Ayyā Medhānandī Bhikkhunī, is the founder and guiding teacher of Sati Sārāņīya Hermitage, a Canadian forest monastery for women in the Theravāda tradition. The daughter of Eastern European refugees who emigrated to Montreal after World War II, she began a spiritual quest in childhood that led her to India, Burma, England, New Zealand, Malaysia, Taiwan, and finally, back to Canada.
In 1988, at the Yangon Mahasi retreat centre in Burma, Ayyā requested ordination as a bhikkhunī from her teacher, the Venerable Sayādaw U Pandita Mahāthera. This was not yet possible for Theravāda Buddhist women. Instead, Sayādaw granted her ordination as a 10 precept nun on condition that she take her vows for life. Thus began her monastic training in the Burmese tradition. When the borders were closed to foreigners by a military coup, in 1990 Sayādaw blessed her to join the Ajahn Chah Thai Forest Saņgha at Amaravati, UK.
After ten years in their siladhāra community, Ayyā felt called to more seclusion and solitude in New Zealand and SE Asia. In 2007, having waited nearly 20 years, she received bhikkhunī ordination at Ling Quan Chan Monastery in Keelung, Taiwan and returned to her native Canada in 2008, on invitation from the Ottawa Buddhist Society and Toronto Theravāda Buddhist Community, to establish Sati Sārāņīya Hermitage.
To carry the teachings home means we are committed to treasuring virtuous conduct and speech as well as wholesome states of mind in daily life where conditions are not as perfect for practice. We empty ourselves of self-centerdness to embody more and more the realization of anatta, the Truth that there is no one, no solid being to prop us - what a freedom.
To vow for life: not to compromise our faith, our virtue, or our goodness - even in a moment of terror - is a powerful spiritual ally. Not cowering nor retaliating even in a hopeless-feeling-moment, we learn to stay present with compassion and kindness. As long as we remember to keep the practice alive within, we will have the stamina to grow in generosity, equanimity, and wisdom. So, at all times, make good-will the mantra of your heart.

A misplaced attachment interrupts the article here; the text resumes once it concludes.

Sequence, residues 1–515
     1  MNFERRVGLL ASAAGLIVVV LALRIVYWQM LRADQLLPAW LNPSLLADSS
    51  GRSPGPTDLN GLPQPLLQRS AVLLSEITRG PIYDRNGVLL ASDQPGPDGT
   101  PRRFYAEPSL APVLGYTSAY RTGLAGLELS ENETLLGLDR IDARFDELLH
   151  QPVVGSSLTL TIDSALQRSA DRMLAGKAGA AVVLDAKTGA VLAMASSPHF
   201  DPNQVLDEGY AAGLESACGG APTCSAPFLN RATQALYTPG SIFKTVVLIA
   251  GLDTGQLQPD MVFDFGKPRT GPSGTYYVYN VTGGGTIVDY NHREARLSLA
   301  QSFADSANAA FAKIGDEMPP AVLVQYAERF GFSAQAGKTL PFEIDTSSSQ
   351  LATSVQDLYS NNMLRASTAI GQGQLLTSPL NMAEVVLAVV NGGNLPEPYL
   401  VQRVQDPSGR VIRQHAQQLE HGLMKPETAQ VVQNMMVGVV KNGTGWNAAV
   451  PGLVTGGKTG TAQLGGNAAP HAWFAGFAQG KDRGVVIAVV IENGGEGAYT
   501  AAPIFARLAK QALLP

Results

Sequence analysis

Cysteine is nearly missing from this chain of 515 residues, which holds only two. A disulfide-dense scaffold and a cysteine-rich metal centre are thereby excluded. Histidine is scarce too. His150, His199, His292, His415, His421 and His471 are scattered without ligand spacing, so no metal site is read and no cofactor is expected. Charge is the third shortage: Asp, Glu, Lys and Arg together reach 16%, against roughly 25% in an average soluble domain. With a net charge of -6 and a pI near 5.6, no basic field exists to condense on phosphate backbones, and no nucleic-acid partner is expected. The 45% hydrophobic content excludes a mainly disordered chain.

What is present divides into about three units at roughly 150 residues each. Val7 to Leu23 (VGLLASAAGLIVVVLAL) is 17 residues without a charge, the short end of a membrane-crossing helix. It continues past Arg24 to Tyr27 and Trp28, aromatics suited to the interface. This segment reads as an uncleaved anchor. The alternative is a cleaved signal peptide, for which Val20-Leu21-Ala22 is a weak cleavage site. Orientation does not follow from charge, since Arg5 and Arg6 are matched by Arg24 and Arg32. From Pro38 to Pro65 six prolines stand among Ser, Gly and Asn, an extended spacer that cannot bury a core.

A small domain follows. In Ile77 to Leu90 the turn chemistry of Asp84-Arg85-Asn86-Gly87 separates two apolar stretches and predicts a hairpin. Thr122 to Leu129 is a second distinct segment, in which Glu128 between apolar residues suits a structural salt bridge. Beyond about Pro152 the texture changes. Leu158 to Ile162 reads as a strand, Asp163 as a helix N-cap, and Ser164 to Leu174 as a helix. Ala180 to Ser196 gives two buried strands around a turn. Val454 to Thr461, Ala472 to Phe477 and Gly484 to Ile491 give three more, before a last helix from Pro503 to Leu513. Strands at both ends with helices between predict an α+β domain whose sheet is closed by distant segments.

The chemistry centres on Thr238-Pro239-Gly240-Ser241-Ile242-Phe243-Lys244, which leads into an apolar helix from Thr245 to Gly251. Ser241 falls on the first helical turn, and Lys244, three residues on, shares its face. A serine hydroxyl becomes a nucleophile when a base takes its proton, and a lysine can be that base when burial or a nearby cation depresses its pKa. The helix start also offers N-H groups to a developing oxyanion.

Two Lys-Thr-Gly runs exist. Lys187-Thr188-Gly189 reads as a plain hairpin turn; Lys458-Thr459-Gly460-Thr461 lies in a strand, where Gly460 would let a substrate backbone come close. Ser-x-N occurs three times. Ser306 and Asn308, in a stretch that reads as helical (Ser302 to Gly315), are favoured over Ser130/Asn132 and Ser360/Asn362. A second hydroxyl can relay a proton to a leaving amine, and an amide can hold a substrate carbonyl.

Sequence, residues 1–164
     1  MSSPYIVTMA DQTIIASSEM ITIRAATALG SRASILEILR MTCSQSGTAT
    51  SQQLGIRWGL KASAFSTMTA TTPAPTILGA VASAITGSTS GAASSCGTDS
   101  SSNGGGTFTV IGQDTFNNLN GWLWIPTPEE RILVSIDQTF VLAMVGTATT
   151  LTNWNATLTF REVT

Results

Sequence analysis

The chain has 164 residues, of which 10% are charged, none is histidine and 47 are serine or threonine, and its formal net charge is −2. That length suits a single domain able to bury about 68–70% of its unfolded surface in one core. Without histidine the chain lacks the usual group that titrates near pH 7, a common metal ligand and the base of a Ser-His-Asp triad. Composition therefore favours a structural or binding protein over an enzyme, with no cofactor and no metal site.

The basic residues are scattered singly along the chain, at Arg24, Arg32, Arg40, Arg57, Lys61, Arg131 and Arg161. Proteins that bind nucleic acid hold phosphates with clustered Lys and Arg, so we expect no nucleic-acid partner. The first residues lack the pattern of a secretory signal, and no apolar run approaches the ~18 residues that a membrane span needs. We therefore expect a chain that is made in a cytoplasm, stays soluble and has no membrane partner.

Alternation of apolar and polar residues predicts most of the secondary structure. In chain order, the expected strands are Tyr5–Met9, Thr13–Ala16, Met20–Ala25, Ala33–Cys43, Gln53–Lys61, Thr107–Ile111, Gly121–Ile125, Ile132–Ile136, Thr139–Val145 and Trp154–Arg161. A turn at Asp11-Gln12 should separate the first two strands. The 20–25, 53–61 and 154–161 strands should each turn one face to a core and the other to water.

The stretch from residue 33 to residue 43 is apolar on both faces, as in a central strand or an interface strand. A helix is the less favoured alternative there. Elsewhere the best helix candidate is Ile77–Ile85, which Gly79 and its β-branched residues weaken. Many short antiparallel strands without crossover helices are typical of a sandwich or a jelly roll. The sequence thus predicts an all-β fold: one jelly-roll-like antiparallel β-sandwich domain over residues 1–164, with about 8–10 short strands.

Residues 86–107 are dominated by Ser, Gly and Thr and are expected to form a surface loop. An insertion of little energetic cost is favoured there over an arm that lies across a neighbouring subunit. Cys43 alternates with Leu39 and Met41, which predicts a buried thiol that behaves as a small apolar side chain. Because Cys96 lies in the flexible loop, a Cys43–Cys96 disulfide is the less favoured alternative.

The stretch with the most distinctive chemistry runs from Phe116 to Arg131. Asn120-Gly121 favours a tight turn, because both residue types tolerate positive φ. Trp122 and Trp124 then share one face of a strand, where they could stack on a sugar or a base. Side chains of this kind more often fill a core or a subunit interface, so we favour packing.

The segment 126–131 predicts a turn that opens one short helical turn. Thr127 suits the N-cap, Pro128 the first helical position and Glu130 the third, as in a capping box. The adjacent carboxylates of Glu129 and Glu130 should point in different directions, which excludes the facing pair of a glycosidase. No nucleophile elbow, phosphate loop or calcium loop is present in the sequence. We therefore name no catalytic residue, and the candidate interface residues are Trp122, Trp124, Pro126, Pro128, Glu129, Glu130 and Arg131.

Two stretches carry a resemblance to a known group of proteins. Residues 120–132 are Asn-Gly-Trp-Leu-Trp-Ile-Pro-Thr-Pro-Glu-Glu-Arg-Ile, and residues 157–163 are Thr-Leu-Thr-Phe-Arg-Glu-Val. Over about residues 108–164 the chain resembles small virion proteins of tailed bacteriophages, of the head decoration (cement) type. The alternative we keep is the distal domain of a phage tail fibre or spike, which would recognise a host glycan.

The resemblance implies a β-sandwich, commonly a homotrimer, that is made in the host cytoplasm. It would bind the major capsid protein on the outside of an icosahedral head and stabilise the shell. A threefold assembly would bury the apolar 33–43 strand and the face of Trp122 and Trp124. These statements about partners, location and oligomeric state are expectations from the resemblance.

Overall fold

See present moment experience in its most simple expression so as to notice the breakdown of all fearsome qualities. This seeing is insight which delivers us from the conceptual prison of beliefs into the freedom of direct intuitive understanding.
We are here, on the mountain, with a tremendous view. Let the breath speak to us. Stay and watch, even the suffering, investigate patiently like a parent, even if their child objects and runs away - patiently keep trying, be receptive, be available. Gently soften, mellow, give the mind back to the moment, trust, receive it and discover its hidden truths.
Entering a period of silent retreat simulates the monastic 'Going Forth' with an aspiration to deepen our virtue, samadhi, and wisdom. We take Refuge in our highest spiritual potential as human beings, working from faith in our ability to do this; training and transforming the mind through good-will, wise reflection, and selflessness; and opening our hearts to offer that refuge and safety to others.
The practice of metta bhavana leads to liberation and has 11 benefits
1) One sleep well; 2) One awakens happily; 3) One does not have bad dreams; 4) One is pleasing to human beings; 5) One is pleasing to spirits; 6) One is protected by dieties; 7) One is not injured by fire, poison or weapons; 8) One's mind quickly becomes concentrated; 9) One's facial complexion is serene; 10) One dies unconfused; and 11) If one does not penetrate further, one fares on to the Brahma world. AN 11:15